Do Britons understand the US better than Americans?

It is often said that a political leader must be a teacher and not just someone who takes tough decisions. As he embarks on his second term as President, perhaps one of Barack Obama’s challenges is to teach his fellow Americans to recognise some of the country’s problems.

Earlier this month, a weighty report by leading health experts painted a grim picture of life and death in America today.  In “Shorter Lives, Poorer Health”, The Institute of Medicine and National Research Council found that, compared with other wealthy countries, the United States has…

  • “a shorter life expectancy”
  • “the highest infant mortality rate of high-income countries”
  • “the highest obesity rate among high-income countries”
  • “much higher rates of deaths from motor vehicles crashes, non-transportation-related injuries and violence”

It also suffers from a higher rate of adolescent pregnancies, sexually-transmitted infections, arthritis, chronic lung disease and alcohol- and drug-related deaths.

However, according to YouGov surveys in the US and Britain, most Americans are unaware of these facts – and, indeed, less aware than the British. This lack of knowledge goes beyond health: it applies also to two politically-sensitive financial indicators: family incomes and income tax rates.

In our two surveys we asked people how they thought the US compares with other wealthy countries on eight measures. This is what we found. The shaded lines show the “correct” answers according to official statistics.

Q. How do you think the U.S. compares with other wealthy countries, such as Britain, Canada, France and Germany?

How the US compares with other rich countries
(Correct answers shown shaded)
U.S. adults British adults
Average life expectancy
Lower in U.S. 28 29
About the same 38 45
Higher in U.S. 20 11
Don't know 14 16
The proportion of newborn babies who die before they are one year old
Lower in U.S. 35 11
About the same 24 39
Higher in U.S. 19 20
Don't know 21 30
The proportion of people who are obese
Lower in U.S. 4 2
About the same 13 10
Higher in U.S. 72 81
Don't know 11 7
The proportion of people who are homicide victims (that is, victims of murder or manslaughter)
Lower in U.S. 12 3
About the same 22 9
Higher in U.S. 47 80
Don't know 18 8
The proportion of people who die in car accidents
Lower in U.S. 9 8
About the same 31 38
Higher in U.S. 38 34
Don't know 22 20
The proportion of people who are illiterate
Lower in U.S. 23 9
About the same 28 31
Higher in U.S. 29 43
Don't know 19 16
Average family income
Lower in U.S. 27 15
About the same 27 29
Higher in U.S. 28 39
Don't know 18 17
Income tax rates
Lower in U.S. 35 45
About the same 21 19
Higher in U.S. 26 10
Don't know 18 26
Average correct 37 45

As those figures show, obesity is the only one of the health issues we tested where most people recognise that the U.S. does worse than other countries. Barely one in four know that life expectancy is lower in the U.S.; only one in five knows that infant mortality rates are higher. And these are the results of polling conducted shortly after the media had given wide coverage to the findings of “Shorter Lives, Poorer Health”. Either the report has had little or no impact, or it has raised awareness from even lower levels.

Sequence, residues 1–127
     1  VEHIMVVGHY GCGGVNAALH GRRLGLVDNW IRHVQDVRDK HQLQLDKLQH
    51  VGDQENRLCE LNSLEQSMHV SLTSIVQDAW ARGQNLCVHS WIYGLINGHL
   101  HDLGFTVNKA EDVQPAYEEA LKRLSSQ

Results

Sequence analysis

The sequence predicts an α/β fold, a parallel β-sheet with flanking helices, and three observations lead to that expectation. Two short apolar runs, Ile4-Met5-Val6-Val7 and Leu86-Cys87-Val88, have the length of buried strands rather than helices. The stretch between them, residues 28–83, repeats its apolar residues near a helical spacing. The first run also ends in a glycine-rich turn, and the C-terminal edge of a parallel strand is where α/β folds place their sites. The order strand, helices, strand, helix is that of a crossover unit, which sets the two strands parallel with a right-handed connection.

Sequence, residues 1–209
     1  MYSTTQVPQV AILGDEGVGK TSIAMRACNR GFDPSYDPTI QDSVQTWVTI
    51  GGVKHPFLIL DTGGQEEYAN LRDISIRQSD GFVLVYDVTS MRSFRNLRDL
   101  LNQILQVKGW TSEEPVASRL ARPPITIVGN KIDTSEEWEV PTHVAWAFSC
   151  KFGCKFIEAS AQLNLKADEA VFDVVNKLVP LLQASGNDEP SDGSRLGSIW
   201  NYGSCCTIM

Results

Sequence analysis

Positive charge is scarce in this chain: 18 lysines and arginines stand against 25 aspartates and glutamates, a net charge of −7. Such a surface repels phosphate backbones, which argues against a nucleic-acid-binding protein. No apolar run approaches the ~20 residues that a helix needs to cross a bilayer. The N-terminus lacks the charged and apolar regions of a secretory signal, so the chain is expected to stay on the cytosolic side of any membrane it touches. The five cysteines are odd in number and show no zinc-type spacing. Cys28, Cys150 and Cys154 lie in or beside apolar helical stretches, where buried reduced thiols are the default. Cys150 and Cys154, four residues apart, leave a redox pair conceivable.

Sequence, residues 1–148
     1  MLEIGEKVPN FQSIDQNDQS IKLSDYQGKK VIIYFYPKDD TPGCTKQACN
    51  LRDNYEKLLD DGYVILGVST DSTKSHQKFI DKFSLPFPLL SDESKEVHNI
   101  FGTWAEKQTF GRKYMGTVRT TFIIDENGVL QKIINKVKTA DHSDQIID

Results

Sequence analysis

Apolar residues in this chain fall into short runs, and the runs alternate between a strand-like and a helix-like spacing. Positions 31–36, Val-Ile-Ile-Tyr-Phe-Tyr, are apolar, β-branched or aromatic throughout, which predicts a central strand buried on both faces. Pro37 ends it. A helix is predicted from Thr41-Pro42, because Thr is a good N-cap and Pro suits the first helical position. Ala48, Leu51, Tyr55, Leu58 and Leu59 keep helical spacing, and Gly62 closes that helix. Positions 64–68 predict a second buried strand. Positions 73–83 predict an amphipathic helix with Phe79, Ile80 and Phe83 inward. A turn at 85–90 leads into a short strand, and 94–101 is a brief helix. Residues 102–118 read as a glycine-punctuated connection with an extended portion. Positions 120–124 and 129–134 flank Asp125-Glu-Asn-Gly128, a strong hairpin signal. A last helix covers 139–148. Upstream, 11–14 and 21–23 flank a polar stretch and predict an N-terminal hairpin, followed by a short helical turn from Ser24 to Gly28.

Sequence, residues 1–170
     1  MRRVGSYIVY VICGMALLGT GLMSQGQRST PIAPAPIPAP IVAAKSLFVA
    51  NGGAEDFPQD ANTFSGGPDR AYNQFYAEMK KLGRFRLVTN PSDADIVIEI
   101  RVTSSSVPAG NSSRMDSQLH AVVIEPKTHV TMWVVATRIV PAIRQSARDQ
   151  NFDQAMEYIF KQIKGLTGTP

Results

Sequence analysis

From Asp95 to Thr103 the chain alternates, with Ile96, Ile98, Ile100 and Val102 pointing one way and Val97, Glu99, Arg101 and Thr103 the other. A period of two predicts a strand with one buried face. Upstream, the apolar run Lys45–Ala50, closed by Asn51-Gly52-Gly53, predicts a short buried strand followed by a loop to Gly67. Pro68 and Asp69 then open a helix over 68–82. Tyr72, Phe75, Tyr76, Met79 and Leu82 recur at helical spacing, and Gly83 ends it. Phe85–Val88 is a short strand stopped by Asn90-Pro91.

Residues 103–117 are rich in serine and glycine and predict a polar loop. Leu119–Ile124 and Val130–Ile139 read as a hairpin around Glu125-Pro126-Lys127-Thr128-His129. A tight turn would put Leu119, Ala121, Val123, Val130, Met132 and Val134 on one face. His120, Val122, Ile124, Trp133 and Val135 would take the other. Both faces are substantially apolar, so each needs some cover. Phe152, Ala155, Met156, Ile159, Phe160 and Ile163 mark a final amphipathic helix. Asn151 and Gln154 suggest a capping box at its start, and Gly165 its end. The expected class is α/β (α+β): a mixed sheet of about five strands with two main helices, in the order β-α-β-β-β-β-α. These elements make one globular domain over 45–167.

In the main, it’s not that majorities think, wrongly, that the U.S. does better than other countries. In none of the five health-related issues is this the case. And on only one, infant  mortality, do more people think the U.S. does better (35%) rather than worse (19%). Rather, it’s that, with the exception of obesity, considerable numbers of Americans say “about the same” or “don’t know”.

The same applies to family income and income tax rates. Here the U.S. has a better story to tell. Per capita income is higher and personal tax rates lower than almost all other wealthy countries. Yet, again, only a minority of Americans are aware of this. This suggests that most people have little awareness of how the U.S. compares with other countries generally, not just a lack of knowledge about America’s standing on health–related matters.

Indeed, it is striking that on four of the eight measures tested by UK, Britons are more likely to give the “right” answers. And on two of the other four, while the “right” figures for the two countries are similar, Americans are significantly more likely to give the “wrong” answers (that is, Americans are more likely than Britons to think, erroneously, that their life expectancy is higher, and their mortality rates lower, than other well-off countries).

Why are Britons better informed? A variety of factors are probably at play. Britons tend to travel abroad, not least to the U.S. American news, movies and TV programmes are big in Britain, whereas foreign information, drama and comedy play a far smaller role in the U.S. The reporting of Obamacare, associated health care issues, and international comparisons have been very different in the two countries.

That does not mean that British “knowledge” of the U.S. is based invariably on better information. The fact that as many as 80% of Britons think, correctly, the US has a higher homicide rate than other countries (compared with just 47% of Americans) may owe more to the impact of Columbo, the Sopranos and The Wire on British viewers than factual reports of crime statistics.

Yet whatever the explanations for the figures in the two surveys, and even if questionable stereotypes do shape the way people view reality, our data pose a problem for political leaders. When so many people have such little awareness of how things are, it is hard to win acceptance for new policies. The task facing President Obama, the Senate and the House of Representatives is not just to describe the America they wish to build, but to persuade voters to share their understanding of what the country is actually like today.

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